The air is crisp, the berries have turned brown,
The final harvest has been taken in,
The once new leaves have dropped from the Green Man’s crown.
And the Summer’s Sun has come to rest and dim.
A cooling breeze sends shivers through his limbs
And fells the apples from their gnarled trees.
In his basket he piles to the brim
And he makes a draught that fills up with ease.
He sits in his cave and wanders off in sleep
Taking with him the trees and plants he governs.
The Conifers he sets to watch, to keep
A lonely eye on his domain; for love learns
That what is dead will someday soon arise
And bring with it new life, new joy, new sunrise.
The Imaginative Conservative applies the principle of appreciation to the discussion of culture and politics—we approach dialogue with magnanimity rather than with mere civility. Will you help us remain a refreshing oasis in the increasingly contentious arena of modern discourse? Please consider donating now.
We hope you will join us in The Imaginative Conservative community. The Imaginative Conservative is an online journal for those who seek the True, the Good, and the Beautiful. We address culture, liberal learning, politics, political economy, literature, the arts and the American Republic in the tradition of Russell Kirk, T.S. Eliot, Edmund Burke, Irving Babbitt, Wilhelm Roepke, Robert Nisbet, Richard Weaver, M.E. Bradford, Eric Voegelin, Christopher Dawson, Paul Elmer More, and other leaders of Imaginative Conservatism. Some conservatives may look at the state of Western culture and the American Republic and see a huge dark cloud which seems ready to unleash a storm that may well wash away what we most treasure of our inherited ways. Others focus on the silver lining which may be found in the next generation of traditional conservatives who have been inspired by Dr. Kirk and his like. We hope that The Imaginative Conservative answers T.S. Eliot’s call to “redeem the time, redeem the dream.” The Imaginative Conservative offers to our families, our communities, and the Republic, a conservatism of hope, grace, charity, gratitude, and prayer.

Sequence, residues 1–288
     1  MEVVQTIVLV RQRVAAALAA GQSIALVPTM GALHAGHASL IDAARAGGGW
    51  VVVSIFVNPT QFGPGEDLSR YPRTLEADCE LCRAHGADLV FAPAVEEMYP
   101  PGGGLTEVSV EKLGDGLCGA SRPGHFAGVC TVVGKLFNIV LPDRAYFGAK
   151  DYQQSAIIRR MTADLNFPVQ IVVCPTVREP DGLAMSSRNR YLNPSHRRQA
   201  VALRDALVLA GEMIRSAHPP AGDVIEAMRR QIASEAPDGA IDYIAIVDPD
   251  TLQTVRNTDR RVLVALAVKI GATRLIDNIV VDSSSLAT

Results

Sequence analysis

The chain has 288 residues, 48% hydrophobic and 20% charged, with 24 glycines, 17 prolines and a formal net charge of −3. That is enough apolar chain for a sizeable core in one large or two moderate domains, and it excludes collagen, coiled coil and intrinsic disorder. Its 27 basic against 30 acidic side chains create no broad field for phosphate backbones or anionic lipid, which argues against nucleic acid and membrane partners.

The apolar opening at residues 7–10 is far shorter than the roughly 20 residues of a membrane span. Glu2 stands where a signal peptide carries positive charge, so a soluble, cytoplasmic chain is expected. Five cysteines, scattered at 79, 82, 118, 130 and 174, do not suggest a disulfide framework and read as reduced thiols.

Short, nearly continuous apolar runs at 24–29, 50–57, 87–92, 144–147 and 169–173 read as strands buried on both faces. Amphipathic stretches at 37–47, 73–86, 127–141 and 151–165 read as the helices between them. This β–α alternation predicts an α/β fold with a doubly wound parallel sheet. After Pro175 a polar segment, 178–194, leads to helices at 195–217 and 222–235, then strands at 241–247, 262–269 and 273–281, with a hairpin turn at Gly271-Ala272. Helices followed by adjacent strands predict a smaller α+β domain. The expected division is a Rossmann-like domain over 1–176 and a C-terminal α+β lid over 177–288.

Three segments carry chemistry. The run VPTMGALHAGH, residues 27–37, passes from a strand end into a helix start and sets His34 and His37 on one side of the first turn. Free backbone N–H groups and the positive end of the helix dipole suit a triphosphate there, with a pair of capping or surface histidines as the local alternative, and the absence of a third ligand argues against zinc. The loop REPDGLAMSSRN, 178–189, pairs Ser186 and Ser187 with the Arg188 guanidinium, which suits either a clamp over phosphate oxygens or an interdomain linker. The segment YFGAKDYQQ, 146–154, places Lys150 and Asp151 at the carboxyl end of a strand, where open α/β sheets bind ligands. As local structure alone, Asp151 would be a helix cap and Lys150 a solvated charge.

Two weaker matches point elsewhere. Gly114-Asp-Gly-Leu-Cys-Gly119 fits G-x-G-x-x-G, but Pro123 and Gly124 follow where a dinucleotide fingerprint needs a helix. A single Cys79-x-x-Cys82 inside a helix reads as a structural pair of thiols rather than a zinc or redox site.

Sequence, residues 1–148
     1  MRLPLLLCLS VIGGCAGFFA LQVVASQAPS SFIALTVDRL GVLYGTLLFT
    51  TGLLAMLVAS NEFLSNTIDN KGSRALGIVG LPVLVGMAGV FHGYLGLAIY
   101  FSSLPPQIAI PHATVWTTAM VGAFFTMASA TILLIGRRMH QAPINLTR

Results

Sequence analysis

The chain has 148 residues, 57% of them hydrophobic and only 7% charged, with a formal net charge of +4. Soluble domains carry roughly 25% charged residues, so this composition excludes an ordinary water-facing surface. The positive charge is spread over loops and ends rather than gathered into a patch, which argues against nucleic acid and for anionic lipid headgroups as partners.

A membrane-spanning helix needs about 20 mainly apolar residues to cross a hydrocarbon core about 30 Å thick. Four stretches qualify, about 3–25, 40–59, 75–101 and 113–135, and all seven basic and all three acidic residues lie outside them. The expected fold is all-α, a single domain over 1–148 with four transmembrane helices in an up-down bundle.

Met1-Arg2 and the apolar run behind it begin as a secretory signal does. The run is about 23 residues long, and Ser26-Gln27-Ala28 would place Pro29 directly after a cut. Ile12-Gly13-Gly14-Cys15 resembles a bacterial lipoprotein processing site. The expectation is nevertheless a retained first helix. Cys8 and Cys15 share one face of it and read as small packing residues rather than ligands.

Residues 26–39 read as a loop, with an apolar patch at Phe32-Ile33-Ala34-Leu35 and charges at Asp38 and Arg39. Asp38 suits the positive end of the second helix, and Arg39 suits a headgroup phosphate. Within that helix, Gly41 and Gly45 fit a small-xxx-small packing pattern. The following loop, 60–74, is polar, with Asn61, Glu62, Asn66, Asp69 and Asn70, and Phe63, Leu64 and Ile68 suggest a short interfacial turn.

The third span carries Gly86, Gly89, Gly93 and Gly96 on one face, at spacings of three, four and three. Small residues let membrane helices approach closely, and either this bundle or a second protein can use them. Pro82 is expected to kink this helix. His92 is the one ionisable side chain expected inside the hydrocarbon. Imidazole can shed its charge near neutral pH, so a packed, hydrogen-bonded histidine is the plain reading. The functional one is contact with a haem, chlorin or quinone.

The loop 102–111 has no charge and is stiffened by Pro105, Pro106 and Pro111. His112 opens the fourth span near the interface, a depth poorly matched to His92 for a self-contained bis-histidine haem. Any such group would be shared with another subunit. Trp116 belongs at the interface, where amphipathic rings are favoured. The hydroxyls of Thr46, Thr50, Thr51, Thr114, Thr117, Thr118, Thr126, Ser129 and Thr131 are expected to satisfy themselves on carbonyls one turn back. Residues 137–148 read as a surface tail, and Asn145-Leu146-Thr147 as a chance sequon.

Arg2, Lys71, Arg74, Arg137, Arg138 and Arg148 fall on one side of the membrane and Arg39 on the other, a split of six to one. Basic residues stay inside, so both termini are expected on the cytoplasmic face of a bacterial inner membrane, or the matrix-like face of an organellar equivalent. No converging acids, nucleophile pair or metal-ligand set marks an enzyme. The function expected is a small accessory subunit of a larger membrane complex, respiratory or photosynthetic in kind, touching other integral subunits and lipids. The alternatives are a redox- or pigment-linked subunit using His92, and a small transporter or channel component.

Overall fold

The featured image is “Wooded Path in Autumn” (1902) by H.A. Brendekilde (1857–1942) and is in the public domain, courtesy of Wikimedia Commons.